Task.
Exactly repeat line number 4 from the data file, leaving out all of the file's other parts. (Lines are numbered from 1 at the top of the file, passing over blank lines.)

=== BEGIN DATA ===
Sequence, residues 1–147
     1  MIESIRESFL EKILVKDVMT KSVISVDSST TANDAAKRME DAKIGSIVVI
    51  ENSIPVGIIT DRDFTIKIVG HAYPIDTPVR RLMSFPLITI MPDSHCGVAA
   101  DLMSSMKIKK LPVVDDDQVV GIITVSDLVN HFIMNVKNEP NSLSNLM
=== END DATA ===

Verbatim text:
   101  DLMSSMKIKK LPVVDDDQVV GIITVSDLVN HFIMNVKNEP NSLSNLM